At first glance, the line of speedy Patrik Berglund(notes) and agile Alex Steen(notes) with the 6-2, 228 pounds of Chris Stewart(notes) reminds one of the old Nintendo Ice Hockey game: The skinny guy, the medium guy and the lumbering big guy with the booming shot.
Only Stewart's skating isn't necessarily indicative of his frame ... even if skating with his linemates is a bit of a track meet.
"Yeah, exactly," he said with a laugh. "Give me some room in the neutral zone, and I can build up some speed."
Stewart has built up momentum since joining the Blues. It took him a while to regain his offensive form after breaking his hand in a fight for the Colorado Avalanche on Nov. 27, scoring two goals in 13 games before the epic Feb. 18 trade that sent Stewart and Kevin Shattenkirk(notes) from Colorado to St. Louis for Erik Johnson(notes), Jay McClement(notes) and a conditional pick.
In nine games with St. Louis, he has nine points, including seven goals, leading NHL.com to call him "the gold standard of deadline acquisitions."
"He's a big boy," said fellow power forward David Backes(notes), "and he knows where he's gotta go to score goals. He's got a little bit of finesse to make plays too. He'll be huge for the next, hopefully, next 10 years in St. Louis."
That the Blues traded Erik Johnson wasn't, in hindsight, a huge shock. The two-year deal they handed him was indicative that the clock was ticking on his tenure. There had been some rumblings about his availability leading up to the deal.
Stewart, in contrast, was a stunner. A 23-year-old right wing that scored nine goals and 16 points in October, he appeared to be part of the core group of young players the Avalanche would build around. But with the team floundering, and with a potential franchise defenseman available, they had to give to get. And Stewart was gone.
"It's been great. The team welcomed me with open arms, made the transition really easy. There are great guys in this locker room, and I'm glad to be a Blue," he said last week, after the Blues lost to the Washington Capitals in D.C.
Was it better to be traded prior to the deadline?
"I don't know if you're ever happy getting traded. But the earlier, the better."
The Blues provided him with a place to live, and a buddy drove his car to St. Louis within 48 hours. So the transition was smooth ... or as smooth as it can be after a blockbuster trade.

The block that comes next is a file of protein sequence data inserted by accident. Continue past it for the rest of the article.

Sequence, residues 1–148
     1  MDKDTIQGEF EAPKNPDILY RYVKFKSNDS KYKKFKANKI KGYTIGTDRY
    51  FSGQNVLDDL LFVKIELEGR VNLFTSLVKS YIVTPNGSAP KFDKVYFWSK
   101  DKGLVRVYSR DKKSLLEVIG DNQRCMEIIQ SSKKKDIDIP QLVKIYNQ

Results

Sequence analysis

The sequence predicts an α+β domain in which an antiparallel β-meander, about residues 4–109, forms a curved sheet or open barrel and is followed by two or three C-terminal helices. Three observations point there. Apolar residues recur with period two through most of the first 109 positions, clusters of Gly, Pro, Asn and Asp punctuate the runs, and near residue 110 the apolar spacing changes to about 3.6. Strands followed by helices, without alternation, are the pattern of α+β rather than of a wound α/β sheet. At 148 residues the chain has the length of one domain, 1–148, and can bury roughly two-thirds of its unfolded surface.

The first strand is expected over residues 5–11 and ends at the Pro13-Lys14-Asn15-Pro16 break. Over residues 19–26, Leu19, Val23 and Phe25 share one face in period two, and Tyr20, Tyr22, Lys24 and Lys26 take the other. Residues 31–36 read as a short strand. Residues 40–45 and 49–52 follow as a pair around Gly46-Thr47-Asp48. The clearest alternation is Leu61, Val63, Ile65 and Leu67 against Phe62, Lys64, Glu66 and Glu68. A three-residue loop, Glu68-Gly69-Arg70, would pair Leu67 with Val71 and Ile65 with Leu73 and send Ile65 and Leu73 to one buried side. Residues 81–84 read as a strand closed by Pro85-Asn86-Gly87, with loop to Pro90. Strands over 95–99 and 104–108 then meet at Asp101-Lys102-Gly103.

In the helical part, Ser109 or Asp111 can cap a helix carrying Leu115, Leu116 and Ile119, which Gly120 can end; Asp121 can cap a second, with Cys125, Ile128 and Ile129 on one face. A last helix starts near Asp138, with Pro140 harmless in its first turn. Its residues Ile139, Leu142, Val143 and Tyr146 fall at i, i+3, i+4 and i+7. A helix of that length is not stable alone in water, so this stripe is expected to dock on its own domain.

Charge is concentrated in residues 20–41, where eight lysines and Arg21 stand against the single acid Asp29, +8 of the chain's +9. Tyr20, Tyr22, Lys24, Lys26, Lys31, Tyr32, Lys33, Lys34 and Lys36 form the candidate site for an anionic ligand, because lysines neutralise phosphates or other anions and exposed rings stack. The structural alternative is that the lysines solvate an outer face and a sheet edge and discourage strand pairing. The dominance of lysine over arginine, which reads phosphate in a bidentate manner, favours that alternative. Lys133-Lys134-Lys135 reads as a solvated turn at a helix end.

"It's tough, personally, with friends leaving that have been around for a long time," said Backes. "But you have to trust that management's doing things for the right reasons, and that's to get better as an organization and win a Stanley Cup."
With Stewart coming over from a conference rival, there were no mysteries for the coaching staff.
"We've been dealing with him for quite some time," said Coach Davis Payne. "We have a clear understanding of the pace he can play with, the physical presence he can be, the type of shot he's got, and some pretty good patience and poise with the puck."
Judging from the standings, patience might again be a virtue (again) for the Blues. Injuries have hindered their momentum all season, from David Perron's(notes) concussion to Jaroslav Halak's(notes) hand injury. They enter tonight's rivalry game with the Columbus Blue Jackets (remember this?) 11 points behind the eight seed in the West with 17 games remaining -- not out of it, but not nearly close enough to be "in it" with the quality of contenders in the West.
If the Blues miss the cut, Stewart has provided them with a glimpse of what he can offer the team as a mobile, powerful offensive force. He's signed for next season. In summer 2012, he becomes a restricted free agent. (Berglund, T.J. Oshie(notes) and Matt D'Agostini(notes) are among this summer's RFAs).
He said no matter what happens in this playoff race, he's optimistic about helping to build a winner in St. Louis.
"There's definitely a great future in this room. There are a lot of pieces of the puzzle here," he said.
"Yeah, we're going to definitely be a force to be reckoned with."